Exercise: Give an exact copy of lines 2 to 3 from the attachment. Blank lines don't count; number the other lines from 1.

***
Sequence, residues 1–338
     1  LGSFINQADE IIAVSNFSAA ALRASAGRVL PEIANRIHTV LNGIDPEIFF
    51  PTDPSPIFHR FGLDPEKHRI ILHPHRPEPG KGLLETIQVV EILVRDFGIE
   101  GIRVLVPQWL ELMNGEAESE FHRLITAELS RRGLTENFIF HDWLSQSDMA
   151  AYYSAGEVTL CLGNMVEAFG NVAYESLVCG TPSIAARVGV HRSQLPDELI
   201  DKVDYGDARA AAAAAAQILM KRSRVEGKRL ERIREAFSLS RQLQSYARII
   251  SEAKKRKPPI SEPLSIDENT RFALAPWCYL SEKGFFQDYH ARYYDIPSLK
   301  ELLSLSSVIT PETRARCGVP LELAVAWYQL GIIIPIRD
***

     1  LGSFINQADE IIAVSNFSAA ALRASAGRVL PEIANRIHTV LNGIDPEIFF
    51  PTDPSPIFHR FGLDPEKHRI ILHPHRPEPG KGLLETIQVV EILVRDFGIE